Kashmir goat. It is an expensive, sensuous fabric and can be blended with silk,
cotton, or other kinds of wool
Alpaca fleece is very rich and
silky with a brilliant sheen
Mohair comes from the Angora goat
and is highly resilient and lustrous.
Vicuna, a fabric named
after an animal of the same name of the llama family, is the softest coat cloth
in the world. Since the animal is killed to obtain the fleece, rigorous conservation
laws protect it. Naturally, therefore, the fiber is rare and highly expensive
OF WARMTH: A HISTORY OF WOOL FABRIC
heard of a place called Tarentum? Well, in Roman times, this town was renowned
as a wool-producing center of some repute. As you can imagine, therefore, wool
and human civilization go back a pretty long way. In fact, the earliest European
woolen textile, dating back to 1500 BC, has been found preserved beneath a bog
Wool as a raw material has been easily available ever since
man first began to domesticate sheep and goats, and scholars have found evidence
of the use of felted or woven wool in clothing and other apparel in some of the
earliest European civilizations. In fact, wool was being used in Asia Minor as
far back as the Stone Age -- about 10,000 years ago - and inhabitants of the Mesopotamian
Plain used sheep for food, clothing and shelter. As man learned to weave, woolens
became established as items of export from Babylon.
However, the extraction
of raw wool can't have been an easy task before the invention of shears - which
were probably discovered in the Iron Age - because, rather revoltingly, the wool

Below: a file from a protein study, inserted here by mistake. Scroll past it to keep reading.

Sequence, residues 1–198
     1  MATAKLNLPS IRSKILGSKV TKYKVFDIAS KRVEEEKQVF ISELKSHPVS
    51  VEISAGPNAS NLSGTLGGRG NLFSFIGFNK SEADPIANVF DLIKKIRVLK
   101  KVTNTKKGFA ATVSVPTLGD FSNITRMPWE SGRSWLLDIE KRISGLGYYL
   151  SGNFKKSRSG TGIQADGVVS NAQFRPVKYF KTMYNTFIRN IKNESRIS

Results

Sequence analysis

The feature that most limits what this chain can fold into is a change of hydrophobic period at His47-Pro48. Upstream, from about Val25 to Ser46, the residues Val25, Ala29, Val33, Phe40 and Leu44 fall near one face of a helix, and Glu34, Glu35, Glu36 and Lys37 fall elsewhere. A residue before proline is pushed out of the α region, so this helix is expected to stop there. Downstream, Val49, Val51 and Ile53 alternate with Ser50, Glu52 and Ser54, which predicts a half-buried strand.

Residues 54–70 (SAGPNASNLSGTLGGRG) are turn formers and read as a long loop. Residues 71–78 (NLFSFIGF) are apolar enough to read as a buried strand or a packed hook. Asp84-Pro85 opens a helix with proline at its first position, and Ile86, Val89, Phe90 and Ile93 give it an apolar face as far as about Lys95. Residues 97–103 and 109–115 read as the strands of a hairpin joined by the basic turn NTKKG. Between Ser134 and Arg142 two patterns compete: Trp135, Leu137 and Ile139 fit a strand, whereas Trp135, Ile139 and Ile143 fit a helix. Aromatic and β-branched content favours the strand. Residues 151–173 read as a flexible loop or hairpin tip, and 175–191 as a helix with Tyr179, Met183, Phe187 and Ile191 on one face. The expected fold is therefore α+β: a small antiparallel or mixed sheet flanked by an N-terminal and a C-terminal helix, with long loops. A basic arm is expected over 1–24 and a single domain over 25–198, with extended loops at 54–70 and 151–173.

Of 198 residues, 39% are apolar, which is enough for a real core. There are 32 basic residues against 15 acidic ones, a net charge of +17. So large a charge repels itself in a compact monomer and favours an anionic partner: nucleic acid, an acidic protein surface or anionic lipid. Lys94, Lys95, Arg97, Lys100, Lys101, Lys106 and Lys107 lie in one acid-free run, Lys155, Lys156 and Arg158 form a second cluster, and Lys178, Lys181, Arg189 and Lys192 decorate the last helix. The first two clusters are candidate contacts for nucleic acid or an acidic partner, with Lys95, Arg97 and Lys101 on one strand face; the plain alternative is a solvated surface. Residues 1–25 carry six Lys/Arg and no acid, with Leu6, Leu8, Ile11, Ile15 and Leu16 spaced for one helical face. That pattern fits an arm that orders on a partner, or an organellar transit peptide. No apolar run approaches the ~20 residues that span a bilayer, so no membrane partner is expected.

was plucked out by hand or by bronze combs. Nevertheless, in the glory days of
Tarentum, wool was a major component of garments across Europe, since both cotton
from India and silk from China were considered luxuries. In Tarentum, breeders
had selectively bred sheep with a superior fleece, which required special care.
As sheep-rearing spread, so did the popularity of wool. Between 3000 and
1000 BC the Persians, Greeks and Romans carried sheep and wool across Europe.
In fact, the Romans 'globalized' sheep, as it were, as they built their Empire
in Spain, North Africa, and the British Isles. As early as 50 AD, Romans established
a wool plant in modern Winchester, England.
The Saracens from Arabia followed
the Romans into Spain in the eighth century AD and set up a thriving wool trade
with North Africa, Greece, Egypt and Constantinople. After the Normans conquered
Greece in the 12th century, they introduced wool weaving to Italian centers like
Florence, Genoa, Palermo and Venice.
Meanwhile, in Spain, the wool trade
was still flourishing, so much so that it helped finance the voyages of Christopher
Columbus and the Conquistadors. So jealously did the Spanish royalty protect the
trade that anyone exporting sheep without royal permission risked the death penalty